We are here again this evening with Idaho author Brian Spaulding.
Thank you Mister Spaulding for being with us. Would you tell us about your journey with horses, you seam to have a lot of passion for them.
I have been in love with horses since I can first remember.
How old were you when you first started riding?
Seven, I was kinda old but that was when we bought our first horse.
You’re kidding about being ‘kinda old ‘aren’t you, I mean after all, 7 is rather young to be riding don’t you think.
Not at all. All of our children, my wife’s and mine were in the saddle before they could walk. They are all great riders and 4 out of 6 of our kids have rode professionally for well known trainers that are successes in the Reined Cow Horse World.
I remember waiting all day for Blaze to show up, he was 7 as well and we were great pals for the next 7 years.
What happened after 7 years?
I bought my first horse and basically out grew Blaze. He was a great horse and a good teacher. Buckskin in color and big. Dad would take him Elk hunting each fall and the only thing he required of me was that his horse was in good shape come Elk hunting. Outside of that I had a fairly free hand as long as I didn’t get hurt.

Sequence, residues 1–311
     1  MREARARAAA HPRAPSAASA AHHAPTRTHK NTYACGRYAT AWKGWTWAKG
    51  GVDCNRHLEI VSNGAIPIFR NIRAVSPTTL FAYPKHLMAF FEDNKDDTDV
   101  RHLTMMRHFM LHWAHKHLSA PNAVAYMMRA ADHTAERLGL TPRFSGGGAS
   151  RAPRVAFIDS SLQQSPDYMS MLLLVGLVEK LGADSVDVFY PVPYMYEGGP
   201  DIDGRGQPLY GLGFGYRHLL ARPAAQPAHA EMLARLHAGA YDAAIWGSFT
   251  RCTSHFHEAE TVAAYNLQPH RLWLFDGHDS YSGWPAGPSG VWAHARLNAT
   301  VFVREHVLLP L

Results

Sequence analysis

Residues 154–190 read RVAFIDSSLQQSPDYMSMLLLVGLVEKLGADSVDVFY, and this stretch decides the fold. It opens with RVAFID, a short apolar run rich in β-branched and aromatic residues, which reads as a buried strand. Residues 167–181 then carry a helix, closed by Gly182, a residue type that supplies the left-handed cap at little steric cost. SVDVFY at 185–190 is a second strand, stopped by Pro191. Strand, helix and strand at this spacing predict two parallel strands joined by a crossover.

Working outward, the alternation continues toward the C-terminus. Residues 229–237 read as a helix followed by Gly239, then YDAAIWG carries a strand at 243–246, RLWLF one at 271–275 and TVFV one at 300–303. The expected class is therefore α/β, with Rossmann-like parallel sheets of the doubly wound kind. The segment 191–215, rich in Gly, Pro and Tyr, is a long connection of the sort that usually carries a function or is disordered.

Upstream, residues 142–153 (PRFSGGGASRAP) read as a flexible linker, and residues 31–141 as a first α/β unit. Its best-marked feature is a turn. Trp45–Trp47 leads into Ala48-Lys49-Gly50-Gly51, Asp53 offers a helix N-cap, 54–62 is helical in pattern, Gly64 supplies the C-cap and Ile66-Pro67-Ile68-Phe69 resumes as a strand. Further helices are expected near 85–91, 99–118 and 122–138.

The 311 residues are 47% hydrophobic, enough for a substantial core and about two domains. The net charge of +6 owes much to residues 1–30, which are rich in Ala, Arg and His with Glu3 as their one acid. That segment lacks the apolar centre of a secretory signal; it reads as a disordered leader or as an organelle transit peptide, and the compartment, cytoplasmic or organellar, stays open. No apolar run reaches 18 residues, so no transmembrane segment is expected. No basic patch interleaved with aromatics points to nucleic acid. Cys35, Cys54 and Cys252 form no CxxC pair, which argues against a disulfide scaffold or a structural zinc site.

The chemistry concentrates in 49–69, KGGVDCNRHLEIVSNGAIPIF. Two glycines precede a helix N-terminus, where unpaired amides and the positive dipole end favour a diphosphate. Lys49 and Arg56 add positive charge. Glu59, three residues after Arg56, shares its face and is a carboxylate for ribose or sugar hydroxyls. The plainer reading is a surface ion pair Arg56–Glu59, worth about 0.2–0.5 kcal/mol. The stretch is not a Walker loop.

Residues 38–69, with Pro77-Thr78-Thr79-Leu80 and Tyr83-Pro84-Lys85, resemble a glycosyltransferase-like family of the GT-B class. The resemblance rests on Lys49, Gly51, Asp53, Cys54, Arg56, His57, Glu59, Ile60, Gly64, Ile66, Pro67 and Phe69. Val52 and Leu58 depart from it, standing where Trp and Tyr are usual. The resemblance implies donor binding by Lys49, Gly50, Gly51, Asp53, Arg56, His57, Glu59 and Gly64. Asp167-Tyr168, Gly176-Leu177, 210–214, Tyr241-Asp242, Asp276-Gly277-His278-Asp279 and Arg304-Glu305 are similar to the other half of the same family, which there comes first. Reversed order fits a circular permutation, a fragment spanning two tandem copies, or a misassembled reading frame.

Did you get hurt?
Yes, you can’t be around horses and as wild as I was and not get banged up a bit. If I had been some Buckaroo kid on a ranch my dad would have tanned my hide for some of my shenanigans, but no one paid much attention to me and like I said as long as I didn’t get hurt too bad and or injure dad’s Elk hunting horse I was free to do what I wanted.
I was a shy kid and school terrified me until I was a sophomore in High School so Blaze was good company for me.
Wanted happened then?
I wrestled and had some talent with it so I gained a huge amount of self confidence and although I still didn’t like school or people I was okay with it. Red Halverson was my coach and a great guy and saw something in me that others didn’t. I was never a State Champion wrestler but it was good for me. Also I had a couple of girlfriends about that time and realized that I wasn’t as big a dork as I thought.